A Louise Lawler Work Depicting A Room at Sotheby's Will Greet Passersby Walking the High Line


Louise Lawlor’s ‘Triangle (adjusted to fit)’ as a rendering. (Courtesy New York Times/Friends of the High Line)

Yes, the Whitney Museum is still going strong uptown. It’s not closing for another few months. In fact, it’s so not closed that they’ve just started opening up on Mondays, just to handle the massive crowds coming to see “Jeff Koons: A Retrospective.”

But, come next springtime, the Upper East Side building will be making way for the Met, and the Whitney will be in the Meatpacking District. It’s preempted this move by placing an enormous Alex Katz digital print on the TF Cornerstone building abutting the High Line, and that’s just a few steps away from the Ed Ruscha’s first public art piece in New York, “Honey, I Twisted Through More Damn Traffic Today,” which was commissioned by High Line Art.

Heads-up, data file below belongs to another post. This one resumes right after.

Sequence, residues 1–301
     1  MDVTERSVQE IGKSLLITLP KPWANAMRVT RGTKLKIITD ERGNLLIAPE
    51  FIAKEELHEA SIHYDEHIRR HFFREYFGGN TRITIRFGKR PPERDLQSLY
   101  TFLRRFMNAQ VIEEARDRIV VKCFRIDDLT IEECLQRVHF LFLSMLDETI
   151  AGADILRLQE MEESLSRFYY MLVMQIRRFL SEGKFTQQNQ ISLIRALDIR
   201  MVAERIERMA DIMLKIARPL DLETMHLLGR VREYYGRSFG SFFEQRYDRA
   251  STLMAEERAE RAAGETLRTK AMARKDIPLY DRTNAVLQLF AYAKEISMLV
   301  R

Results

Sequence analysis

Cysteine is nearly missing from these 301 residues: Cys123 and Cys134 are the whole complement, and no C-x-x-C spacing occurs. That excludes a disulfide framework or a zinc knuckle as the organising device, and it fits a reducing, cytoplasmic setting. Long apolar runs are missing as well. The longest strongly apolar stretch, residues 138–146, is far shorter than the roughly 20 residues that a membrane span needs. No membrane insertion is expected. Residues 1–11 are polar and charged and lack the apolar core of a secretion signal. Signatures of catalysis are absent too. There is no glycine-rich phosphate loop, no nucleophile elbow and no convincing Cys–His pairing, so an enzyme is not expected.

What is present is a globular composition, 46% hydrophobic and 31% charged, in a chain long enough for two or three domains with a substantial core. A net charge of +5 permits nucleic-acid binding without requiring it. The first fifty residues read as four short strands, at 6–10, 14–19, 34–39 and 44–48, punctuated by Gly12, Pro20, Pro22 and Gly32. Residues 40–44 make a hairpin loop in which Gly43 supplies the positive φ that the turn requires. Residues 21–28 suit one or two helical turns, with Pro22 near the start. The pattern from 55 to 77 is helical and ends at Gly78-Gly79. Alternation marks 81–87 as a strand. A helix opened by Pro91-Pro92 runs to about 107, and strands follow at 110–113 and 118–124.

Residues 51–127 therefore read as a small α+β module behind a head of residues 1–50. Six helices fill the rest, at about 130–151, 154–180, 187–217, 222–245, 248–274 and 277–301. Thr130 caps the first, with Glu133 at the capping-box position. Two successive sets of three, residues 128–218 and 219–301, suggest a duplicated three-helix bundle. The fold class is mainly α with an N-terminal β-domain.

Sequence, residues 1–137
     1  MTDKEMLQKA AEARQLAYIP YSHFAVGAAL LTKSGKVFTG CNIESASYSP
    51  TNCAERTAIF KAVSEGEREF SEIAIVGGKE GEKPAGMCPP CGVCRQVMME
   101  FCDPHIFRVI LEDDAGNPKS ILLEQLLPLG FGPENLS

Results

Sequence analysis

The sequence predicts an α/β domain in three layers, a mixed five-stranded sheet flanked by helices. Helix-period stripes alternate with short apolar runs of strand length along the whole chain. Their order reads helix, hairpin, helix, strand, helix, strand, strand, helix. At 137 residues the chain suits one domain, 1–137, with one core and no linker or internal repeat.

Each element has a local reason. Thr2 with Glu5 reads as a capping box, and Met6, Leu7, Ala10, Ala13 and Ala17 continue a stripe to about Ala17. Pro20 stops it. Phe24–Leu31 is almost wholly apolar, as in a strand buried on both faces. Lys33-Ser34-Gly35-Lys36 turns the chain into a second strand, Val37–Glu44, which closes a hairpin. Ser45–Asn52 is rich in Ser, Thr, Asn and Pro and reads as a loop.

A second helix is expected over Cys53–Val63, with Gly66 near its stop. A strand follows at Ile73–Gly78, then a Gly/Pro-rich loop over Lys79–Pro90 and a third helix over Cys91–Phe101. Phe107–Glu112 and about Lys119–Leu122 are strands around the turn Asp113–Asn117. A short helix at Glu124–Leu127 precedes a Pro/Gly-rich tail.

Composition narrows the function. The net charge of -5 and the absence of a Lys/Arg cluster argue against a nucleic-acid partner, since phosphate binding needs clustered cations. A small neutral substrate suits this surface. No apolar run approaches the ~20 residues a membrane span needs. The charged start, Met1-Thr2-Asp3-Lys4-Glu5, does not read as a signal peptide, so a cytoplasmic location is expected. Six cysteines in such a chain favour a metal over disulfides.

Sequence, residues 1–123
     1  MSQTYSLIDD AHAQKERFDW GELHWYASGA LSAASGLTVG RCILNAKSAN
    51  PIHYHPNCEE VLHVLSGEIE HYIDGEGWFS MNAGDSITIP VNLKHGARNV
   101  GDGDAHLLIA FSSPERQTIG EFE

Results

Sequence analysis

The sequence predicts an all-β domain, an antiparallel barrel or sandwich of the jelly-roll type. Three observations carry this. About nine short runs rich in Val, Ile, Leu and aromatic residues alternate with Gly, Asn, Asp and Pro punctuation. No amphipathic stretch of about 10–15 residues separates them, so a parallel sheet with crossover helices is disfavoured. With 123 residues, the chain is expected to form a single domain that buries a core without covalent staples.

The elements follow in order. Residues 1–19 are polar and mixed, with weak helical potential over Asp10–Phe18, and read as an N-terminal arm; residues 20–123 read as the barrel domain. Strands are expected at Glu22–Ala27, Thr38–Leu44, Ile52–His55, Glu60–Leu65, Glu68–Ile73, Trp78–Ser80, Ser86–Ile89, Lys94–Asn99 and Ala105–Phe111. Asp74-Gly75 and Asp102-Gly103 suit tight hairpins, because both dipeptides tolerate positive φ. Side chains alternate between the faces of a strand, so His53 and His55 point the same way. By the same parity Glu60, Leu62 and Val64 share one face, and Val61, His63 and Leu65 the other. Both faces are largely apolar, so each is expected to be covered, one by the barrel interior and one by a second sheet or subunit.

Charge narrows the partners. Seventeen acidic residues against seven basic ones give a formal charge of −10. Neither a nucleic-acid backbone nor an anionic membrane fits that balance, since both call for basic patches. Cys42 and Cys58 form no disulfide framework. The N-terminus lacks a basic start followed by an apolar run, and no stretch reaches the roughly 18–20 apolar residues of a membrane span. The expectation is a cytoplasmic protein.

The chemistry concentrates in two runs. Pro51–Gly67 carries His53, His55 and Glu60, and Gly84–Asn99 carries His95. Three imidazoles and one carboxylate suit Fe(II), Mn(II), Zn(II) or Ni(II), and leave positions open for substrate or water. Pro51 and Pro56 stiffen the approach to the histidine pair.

And the latest artist to contribute some massive public work to everybody’s favorite refurbished train track is Louise Lawler, whose “Triangle (adjusted to fit)” (2008/2009/2011) will be placed on a billboard at W. 18th Street and Tenth Avenue, The Times reports. It’s a photo of a room in Sotheby’s that contains works by Frank Stella, Sol LeWitt and Donald Judd. How nice.

Here’s High Line Art’s Cecilia Alemani on the work:

“This picture turns artworks into strange UFOs hovering over the streets of Chelsea. These apparitions not only bring into the everyday world of street signs and billboards what is usually hidden in exhibition spaces, storage rooms and auction houses, but they also make manifest the ways in which people see and crave art and other objects of desire.”

UFOs hovering over Chelsea? We’re in.